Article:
Many people aged 65-plus start looking at condos as a step towards downsizing their homeownership responsibilities. A condo purchase can be an excellent decision at that time in one’s life. However, buying a condo requires your due diligence to investigate issues that you would not be looking at in the purchase of a home.

The first thing to understand about condominiums is that the word “condominium” does not refer to a style of home, but rather, the style of management. When you purchase a condo, you become a co-investor with the other condo owners as part of a homeowners association. The property is managed by a board of directors elected by the association members.

It’s important to do your due diligence up front because on the one hand, you could buy into an association of convivial people who are financially and administratively managing the association very competently. Or, you could become a co-investor with partners who are incompetently managing the property, and possibly with constant personal conflicts and toxic disputes among the members.

The wonderful stories and the not-so-good stories are aplenty.

So how do you do your due diligence?

A first step is to obtain the minutes of association meetings for at least six months, as well as the last annual report. An association is required to keep minutes of owner meetings and special director meetings.

The purpose of the minutes is to record the actions and decisions of the board and votes of the members. Minutes are not meant to be a detailed description of discussions. While the minutes may paint an incomplete picture, they should at least give you a sense of the management style of the board and the types of issues coming before the board that require board decision making.

You’ll want copies of the Declaration, the Bylaws, and all documented rules and regulations from the association.

How old is the development you are buying into? Is it a new project, or one that is 10 years old … 30 years old?

An older development isn’t necessarily a bad thing, but you need information before purchasing. Has there been deferred maintenance? Are major capital expenses expected anytime soon, such as roofs or driveway paving? Does the older community have adequate cash reserves? And importantly, has the older association conducted reserve studies?

A reserve study is a financial analysis of an association’s buildings and financial position. It is a crucial management tool. It looks at every component of the buildings, and projects what the maintenance and replacement costs will be over a 30-year period, and then assigns a monthly cost per owner over that time period. It answers questions like, what does each owner have to pay in monthly dues to cover the cost of roofs that will need to be replaced in 12 years? Repave the driveways in 7 years? Paint all the doors in 3 years?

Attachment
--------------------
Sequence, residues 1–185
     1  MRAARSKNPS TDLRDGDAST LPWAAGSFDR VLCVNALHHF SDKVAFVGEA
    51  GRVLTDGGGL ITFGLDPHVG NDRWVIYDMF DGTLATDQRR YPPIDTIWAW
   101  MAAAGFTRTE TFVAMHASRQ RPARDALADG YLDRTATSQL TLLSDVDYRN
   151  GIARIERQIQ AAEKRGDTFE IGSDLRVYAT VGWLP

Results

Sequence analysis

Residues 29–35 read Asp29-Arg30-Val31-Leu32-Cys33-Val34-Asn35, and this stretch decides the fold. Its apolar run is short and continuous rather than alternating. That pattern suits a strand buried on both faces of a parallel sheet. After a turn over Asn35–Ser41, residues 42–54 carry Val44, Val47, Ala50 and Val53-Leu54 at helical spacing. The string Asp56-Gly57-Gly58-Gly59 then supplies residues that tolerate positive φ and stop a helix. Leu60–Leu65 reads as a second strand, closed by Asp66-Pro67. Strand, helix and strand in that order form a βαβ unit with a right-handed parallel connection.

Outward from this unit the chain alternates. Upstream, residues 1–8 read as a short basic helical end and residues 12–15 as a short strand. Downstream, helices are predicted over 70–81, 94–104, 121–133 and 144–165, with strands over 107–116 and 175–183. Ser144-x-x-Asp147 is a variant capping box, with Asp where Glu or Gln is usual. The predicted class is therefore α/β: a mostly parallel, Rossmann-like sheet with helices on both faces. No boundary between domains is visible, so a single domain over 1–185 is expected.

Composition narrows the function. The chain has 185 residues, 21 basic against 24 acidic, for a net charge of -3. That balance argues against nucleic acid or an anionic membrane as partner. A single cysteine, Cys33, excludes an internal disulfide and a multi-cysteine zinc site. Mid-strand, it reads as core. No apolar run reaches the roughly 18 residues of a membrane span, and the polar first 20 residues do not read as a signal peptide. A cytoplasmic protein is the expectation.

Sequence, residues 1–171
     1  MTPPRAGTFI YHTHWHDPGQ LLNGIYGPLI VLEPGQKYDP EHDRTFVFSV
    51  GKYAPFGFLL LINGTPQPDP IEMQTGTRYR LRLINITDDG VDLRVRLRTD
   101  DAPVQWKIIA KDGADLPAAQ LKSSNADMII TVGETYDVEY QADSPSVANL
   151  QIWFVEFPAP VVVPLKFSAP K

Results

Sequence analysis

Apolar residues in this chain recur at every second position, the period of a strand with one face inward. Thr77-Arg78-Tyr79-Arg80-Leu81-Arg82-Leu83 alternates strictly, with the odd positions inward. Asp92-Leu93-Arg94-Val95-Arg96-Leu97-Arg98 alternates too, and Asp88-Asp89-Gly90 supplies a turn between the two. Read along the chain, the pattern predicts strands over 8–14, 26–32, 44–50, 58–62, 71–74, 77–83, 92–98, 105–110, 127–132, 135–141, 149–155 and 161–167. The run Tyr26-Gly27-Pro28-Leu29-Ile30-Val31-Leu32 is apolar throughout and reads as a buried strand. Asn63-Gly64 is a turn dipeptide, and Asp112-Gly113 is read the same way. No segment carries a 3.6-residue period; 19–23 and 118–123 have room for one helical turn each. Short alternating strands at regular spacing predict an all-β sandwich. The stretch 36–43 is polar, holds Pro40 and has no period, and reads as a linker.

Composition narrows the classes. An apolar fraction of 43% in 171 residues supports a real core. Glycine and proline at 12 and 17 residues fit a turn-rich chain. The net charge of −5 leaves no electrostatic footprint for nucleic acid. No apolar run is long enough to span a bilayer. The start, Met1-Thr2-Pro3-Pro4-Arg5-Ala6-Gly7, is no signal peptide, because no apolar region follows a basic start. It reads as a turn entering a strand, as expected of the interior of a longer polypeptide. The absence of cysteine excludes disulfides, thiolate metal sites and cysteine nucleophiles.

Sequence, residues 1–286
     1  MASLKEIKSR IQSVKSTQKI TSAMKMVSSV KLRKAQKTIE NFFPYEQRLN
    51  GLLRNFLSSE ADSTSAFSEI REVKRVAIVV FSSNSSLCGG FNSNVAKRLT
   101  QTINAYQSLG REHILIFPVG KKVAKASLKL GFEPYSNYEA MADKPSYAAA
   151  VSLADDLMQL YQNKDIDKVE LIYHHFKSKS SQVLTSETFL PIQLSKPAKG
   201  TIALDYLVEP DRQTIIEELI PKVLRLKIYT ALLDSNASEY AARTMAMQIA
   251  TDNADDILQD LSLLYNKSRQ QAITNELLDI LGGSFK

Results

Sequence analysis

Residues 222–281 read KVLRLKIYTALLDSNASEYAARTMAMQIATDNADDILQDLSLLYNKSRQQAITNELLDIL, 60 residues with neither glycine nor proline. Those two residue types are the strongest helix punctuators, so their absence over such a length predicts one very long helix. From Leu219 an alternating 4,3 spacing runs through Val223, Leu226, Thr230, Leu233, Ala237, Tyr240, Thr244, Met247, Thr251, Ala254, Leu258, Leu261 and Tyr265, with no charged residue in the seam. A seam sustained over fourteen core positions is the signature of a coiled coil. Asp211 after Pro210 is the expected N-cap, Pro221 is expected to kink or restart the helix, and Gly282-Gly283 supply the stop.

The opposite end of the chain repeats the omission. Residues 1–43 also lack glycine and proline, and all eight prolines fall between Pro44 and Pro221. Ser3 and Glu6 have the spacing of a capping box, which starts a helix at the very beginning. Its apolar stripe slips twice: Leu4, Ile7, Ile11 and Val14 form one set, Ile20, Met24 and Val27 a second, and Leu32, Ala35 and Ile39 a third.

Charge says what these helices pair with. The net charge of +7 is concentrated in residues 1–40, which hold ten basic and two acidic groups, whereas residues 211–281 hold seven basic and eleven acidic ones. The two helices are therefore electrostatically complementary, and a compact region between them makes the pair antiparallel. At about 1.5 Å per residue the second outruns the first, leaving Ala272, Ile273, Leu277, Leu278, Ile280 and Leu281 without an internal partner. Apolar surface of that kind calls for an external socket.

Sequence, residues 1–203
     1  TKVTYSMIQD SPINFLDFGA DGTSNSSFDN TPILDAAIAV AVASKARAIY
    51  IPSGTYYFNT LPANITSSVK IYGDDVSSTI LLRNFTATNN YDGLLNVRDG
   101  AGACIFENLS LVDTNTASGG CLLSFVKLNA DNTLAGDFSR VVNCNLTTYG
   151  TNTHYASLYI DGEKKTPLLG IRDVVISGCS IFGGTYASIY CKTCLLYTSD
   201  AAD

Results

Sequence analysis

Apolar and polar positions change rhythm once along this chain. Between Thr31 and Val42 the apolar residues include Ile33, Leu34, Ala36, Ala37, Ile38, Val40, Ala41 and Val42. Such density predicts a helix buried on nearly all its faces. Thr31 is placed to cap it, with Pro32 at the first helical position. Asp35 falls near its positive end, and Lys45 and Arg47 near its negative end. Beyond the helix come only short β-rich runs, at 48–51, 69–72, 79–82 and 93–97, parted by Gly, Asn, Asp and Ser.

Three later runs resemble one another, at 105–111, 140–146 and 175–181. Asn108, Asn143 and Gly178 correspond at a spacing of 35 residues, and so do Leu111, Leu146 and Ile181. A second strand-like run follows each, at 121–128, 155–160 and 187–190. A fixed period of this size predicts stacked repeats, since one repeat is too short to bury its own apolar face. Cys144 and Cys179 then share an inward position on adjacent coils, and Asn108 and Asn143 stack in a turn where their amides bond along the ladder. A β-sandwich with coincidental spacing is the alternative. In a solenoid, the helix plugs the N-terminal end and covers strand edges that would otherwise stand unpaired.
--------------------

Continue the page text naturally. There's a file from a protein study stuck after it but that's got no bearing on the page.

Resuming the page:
On-site reserve studies at least every three years is the only way a project can be responsibly managed over the long haul. Maine has not adopted specific laws regarding reserve studies, or how much an association needs to maintain in cash reserves. This is why you need to verify for yourself, especially when entering an older project.

If the owners who have lived there for a decade or more have under-taxed themselves by keeping association dues artificially low over an extended period, you as a new owner will end up picking up part of the tab in the form of special assessments to cover major costs at some future date.

Don’t be persuaded by low monthly association fees in one community versus another. Low monthly fees are not necessarily a sign of good management, and they can be a sign of poor management, so you need to dig deeper.

Your purchase offer on a condominium should include a contingency clause that specifies your acceptance of the association governance policies and financial position. Once your purchase offer is accepted, you’ll be given access to at least two years worth of financial statements.

Personally, our opinion is that an association that is more than five years old needs to have a reserve study, and have their dues adequately aligned with the results of the reserve study, with adequate funding of the cash reserve account.

You should verify if the association has outstanding bank loans. Some associations have used this tactic instead of a large special assessment upon the owners to cover previous inadequate funding of the cash reserve. That bank loan is another way new owners end up picking up costs for past problems.

Please do adequate homework before purchasing a condo. You want to buy into a well-managed community, and avoid the pitfalls of a community that is not adequately managed and funded. You should attend the board meetings, and maybe consider volunteering to be on the board.

All of that said, a condo purchase can be an excellent option to downsize the responsibilities of caring for a larger home.

Jill Wallace is the owner and director of Elm Street Assisted Living in Topsham. Steve Raymond is director of community outreach at the Lincoln Home in Newcastle, and the producer and host of the television show “Spotlight on Seniors.”